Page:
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Change in length of an electromagnetic wave

  • Thread starter Avathacis
  • Start date
  • #1
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Homework Statement


An electromagnetic wave, which has the frequency of f = 5MHz, goes from an unpermeable location, which has a permittivity of e = 2, to vacuum. Calculate the change in length of the wave.
NOTE: I haven't found greek letters in the post menu, so if they're somewhere in there tell me! I could fix the post then.

Homework Equations





The Attempt at a Solution


Okay my first approach would be to calculate the length of the wave in vacuum, so: (mainly because it's easier)

L1 = c * T;

T = 1 / f

L1 = c / f

L1 = 3 * 108 / 5 * 106 = 60 m

Then i would calculate the length of the wave in the previous location (the unpermeable one):

L2 = v / f

For electromagnetic waves (if i recall correctly) we can use this formula to calculate their speed:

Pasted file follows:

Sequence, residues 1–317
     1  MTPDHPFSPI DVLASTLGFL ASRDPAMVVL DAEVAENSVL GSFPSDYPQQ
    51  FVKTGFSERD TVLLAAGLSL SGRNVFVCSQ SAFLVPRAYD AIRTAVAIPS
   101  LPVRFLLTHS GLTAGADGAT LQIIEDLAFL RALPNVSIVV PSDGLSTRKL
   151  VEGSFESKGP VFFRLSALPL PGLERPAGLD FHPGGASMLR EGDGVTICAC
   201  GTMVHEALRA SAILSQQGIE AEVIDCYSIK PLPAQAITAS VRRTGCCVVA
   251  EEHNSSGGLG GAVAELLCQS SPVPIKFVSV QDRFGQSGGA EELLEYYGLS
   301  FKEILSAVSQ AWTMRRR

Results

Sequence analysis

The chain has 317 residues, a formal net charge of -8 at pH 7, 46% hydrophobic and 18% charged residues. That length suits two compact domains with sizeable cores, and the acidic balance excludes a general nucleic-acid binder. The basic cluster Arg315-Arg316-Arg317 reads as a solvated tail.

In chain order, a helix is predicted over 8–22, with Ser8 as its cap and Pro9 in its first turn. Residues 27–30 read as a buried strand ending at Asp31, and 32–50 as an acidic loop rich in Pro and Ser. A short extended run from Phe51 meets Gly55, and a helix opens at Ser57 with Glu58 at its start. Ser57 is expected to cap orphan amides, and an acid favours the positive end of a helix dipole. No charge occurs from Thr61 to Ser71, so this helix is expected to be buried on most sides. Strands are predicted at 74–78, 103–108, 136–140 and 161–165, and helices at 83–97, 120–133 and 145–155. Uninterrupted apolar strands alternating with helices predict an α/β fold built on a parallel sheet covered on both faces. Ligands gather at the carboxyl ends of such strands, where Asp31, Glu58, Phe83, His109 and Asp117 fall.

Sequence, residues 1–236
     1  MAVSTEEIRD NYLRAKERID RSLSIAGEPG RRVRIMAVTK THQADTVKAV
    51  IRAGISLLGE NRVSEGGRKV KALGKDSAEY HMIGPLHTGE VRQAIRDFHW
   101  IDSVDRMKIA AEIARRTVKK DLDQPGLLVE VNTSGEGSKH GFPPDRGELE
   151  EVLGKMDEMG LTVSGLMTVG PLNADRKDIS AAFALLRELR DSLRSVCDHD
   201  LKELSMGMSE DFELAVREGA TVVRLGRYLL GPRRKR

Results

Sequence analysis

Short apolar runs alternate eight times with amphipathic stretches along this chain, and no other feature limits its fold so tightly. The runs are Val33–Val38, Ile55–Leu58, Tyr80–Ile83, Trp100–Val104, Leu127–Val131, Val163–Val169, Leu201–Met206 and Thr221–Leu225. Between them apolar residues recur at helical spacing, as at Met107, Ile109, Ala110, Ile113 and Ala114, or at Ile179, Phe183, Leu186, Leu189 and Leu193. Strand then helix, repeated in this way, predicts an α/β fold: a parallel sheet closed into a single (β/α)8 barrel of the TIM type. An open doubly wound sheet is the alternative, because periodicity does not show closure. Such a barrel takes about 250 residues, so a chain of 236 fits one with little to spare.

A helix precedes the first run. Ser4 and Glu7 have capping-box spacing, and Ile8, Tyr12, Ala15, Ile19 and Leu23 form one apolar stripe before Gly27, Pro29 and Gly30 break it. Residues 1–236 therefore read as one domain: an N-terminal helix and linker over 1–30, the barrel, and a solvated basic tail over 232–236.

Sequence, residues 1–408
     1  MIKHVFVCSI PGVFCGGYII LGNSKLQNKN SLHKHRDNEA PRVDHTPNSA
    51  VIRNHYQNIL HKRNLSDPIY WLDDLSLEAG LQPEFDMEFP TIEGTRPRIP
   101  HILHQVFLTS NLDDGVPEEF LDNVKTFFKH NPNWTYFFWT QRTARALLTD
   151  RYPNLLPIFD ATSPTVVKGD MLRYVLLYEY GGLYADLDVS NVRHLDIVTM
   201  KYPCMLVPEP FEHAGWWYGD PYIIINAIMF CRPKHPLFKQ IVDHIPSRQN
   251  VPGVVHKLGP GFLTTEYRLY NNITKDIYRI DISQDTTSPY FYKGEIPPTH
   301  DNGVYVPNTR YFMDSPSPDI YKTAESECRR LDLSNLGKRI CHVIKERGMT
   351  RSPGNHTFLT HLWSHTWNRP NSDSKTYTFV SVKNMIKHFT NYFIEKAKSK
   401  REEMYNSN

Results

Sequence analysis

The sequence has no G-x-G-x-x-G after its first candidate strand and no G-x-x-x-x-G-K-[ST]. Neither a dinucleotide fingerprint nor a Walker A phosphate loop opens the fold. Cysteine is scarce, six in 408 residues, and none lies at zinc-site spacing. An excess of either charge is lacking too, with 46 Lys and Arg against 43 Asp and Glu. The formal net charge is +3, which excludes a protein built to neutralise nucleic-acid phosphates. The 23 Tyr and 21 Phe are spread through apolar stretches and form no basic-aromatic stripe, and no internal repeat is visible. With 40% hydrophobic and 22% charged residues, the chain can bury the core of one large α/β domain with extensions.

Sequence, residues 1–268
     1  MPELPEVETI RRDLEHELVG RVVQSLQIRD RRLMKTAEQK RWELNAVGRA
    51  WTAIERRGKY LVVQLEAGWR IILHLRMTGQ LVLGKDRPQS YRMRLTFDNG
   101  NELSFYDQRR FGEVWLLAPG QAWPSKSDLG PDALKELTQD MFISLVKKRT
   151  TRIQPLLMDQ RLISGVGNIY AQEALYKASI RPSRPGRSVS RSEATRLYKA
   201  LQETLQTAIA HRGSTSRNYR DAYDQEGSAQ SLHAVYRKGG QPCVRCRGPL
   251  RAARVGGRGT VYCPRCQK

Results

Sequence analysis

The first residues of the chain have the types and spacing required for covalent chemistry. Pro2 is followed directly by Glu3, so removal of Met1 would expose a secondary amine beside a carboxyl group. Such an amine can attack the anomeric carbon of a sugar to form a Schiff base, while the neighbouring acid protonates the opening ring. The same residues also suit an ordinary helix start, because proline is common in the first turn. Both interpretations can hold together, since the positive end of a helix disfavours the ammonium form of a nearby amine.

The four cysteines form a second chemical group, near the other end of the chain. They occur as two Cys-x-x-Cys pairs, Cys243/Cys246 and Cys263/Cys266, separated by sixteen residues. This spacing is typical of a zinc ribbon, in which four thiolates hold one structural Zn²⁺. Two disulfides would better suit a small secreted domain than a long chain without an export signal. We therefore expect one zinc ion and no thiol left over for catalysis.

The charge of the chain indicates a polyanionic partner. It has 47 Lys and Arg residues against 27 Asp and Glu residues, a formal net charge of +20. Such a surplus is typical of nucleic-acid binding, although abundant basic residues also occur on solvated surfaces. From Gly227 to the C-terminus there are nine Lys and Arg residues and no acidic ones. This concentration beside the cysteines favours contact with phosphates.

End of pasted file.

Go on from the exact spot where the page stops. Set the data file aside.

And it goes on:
v = 1 / sqrt e * µ (where e is the permittivity and µ is permeability of the area)

Here's where my guess comes in. I guess that unpermeable areas do not have any permeability? So it would mean:

v = 1 / sqrt e

But then the length of the wave would be insanely small. I know that waves should be short, but the difference should clearly be bigger.

Am i wrong or right?
 

Answers and Replies

  • #2
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Bump, I still need help :(.
 

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